Inside the schools: “Bullied” student returns to school with helping hand

If, as a 9-year-old, you had been shoved around, taunted, teased and isolated, you might not be eager to return to the scene of the trauma. But that’s just what Pioneer High School junior Shashank Chandru, now 16, is doing.

And, he’s taking his friends with him.


Chandru has formed a club at Pioneer called Tomorrow Together, whose main mission is to visit elementary schools and preach non-violence and anti-bullying to young students. The idea is that the elementary students will relate to high schoolers giving the message and be more likely to avoid engaging in bullying.

“After being born in Ann Arbor, then moving to India and living in India for five years, I moved back to Ann Arbor in the fourth grade and I went to Lawton Elementary, where I was the new kid, I didn’t know anyone,” Chandru says. “I definitely was singled out. I was bullied. I know first-hand how bad that can make a kid feel. I want to do something about that.”

So, where do you think Chandru is leading the Tomorrow Together club March 12 on their first trip to an elementary school? You guessed it. A fourth-grade class at Lawton Elementary.

“It’s kind of a coincidence, but I guess it’s kind of like fate,” he said. “But, this is not just about me. In fact, it’s not about me at all. It’s about the young kids, trying to keep them from acting out in a way that will hurt other kids, or from become victims themselves.”

Chandru first had the idea last summer, and he approached fellow Pioneer junior Aditya Vinukonda – who has known Chandru since those days in the fourth grade at Lawton Elementary – about helping form Tomorrow Together. Vinukonda was on board right away.

“I jumped on the opportunity,” Vinukonda said. “We were friends in Elementary School. I saw him go through what he went through. It wasn’t fun for him, but now he’s a popular kid at Pioneer; everyone likes him. I see this as a great chance to reach kids while they’re still forming.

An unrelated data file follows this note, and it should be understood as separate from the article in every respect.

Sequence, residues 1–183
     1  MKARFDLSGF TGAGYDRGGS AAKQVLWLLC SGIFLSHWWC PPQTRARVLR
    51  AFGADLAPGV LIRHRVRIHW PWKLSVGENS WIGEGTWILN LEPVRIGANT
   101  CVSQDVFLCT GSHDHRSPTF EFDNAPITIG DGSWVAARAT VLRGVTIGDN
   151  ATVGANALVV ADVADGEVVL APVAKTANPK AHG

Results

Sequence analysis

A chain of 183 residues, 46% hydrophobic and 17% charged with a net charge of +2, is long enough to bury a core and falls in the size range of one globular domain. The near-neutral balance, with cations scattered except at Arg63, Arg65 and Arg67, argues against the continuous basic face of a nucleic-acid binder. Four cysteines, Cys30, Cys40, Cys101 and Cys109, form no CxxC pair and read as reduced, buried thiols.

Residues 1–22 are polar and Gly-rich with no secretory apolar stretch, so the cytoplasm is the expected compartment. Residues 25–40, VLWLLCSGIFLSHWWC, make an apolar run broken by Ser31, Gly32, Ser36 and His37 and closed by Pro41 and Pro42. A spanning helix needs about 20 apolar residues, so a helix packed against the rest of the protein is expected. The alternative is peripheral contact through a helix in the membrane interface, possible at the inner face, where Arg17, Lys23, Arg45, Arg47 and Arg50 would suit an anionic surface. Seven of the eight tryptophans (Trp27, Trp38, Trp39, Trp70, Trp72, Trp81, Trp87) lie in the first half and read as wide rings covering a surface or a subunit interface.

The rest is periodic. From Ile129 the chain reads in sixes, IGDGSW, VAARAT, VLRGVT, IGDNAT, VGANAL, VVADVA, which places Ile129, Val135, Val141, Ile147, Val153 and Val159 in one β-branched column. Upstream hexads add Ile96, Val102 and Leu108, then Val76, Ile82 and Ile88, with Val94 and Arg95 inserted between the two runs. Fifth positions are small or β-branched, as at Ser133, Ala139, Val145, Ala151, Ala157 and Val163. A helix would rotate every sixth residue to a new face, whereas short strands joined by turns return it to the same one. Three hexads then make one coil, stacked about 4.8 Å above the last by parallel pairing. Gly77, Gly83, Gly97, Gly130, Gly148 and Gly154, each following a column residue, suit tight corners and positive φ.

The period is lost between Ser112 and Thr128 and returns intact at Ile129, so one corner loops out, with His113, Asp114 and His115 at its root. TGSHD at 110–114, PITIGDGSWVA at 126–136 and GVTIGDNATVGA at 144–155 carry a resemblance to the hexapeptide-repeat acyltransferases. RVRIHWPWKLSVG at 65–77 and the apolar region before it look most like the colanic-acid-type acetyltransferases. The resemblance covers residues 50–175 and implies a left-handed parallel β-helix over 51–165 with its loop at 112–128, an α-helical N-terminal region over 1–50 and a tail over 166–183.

“Fourth grade is a perfect age to reach them, and I think they will connect with us because, actually we are in their same generation. They might be more willing to listen to us rather than the message coming from an adult.”

Once the school year started, Chandru and Vinukonda went about finding a sponsor for Tomorrow Together. Science teacher Laurie Williams agreed to sponsor and allow her room (C121) to be used for meetings on Wednesday during lunch hour.

“The biggest challenge was finding members to be part of the club,” Chandru said. “Now we’ve got about 8 or 9 who come every week, and we get up to about 15 sometimes.”

Each week, club members prepare for their March 12 trip to Lawton Elementary. They work on an anti-bullying skit that they will perform for the young students, and they also are brainstorming on anti-bullying poster ideas.

“After the skit, we will break off with the kids and ask them who in the skit was doing the wrong thing, who did the right thing, and what could have happened differently,” Chandru said. “There also will be Oreos and candy. It’s important that we make it fun for the kids, because if it’s boring, they won’t listen, they won’t pay attention, and they won’t get the message.”

That message is important to Chandru, Vinukonda and the rest of the members of Tomorrow Together. The two leaders have some definite ideas about how bullying situations can be avoided or diffused.

“I would say to the kids that it’s never too late to try to talk it out, to try to stay calm in any situation,” said Vinukonda, who formerly was in the Engineering Club and Interact before concentrating on Tomorrow Together as an extracurricular activity. “Sometimes, the situation gets out of hand, then, yes, call a teacher or an adult, for sure. But, if you stay calm, and understand that bullying is a bad thing – even for the bully – then sometimes it can be resolved.

“Many times bullies have been bullied themselves and they’re just repeating behavior.”

Chandru has similar thoughts about bullying situations, and about the bullies themselves.

“Bullies sometimes are having some mental trouble, going through some things,” said Chandru, who is on the Pioneer swim team and is in the Robotics Club. “We just want to tell the kids to try to gather their thoughts. To think things through.

Vinukonda had perhaps the best thought of all.

“Being a kid is a time to smile,” he said. “Responsibilities and stress come later. There’s no reason for bullying to enter into a young kid’s life and take away that smile.”



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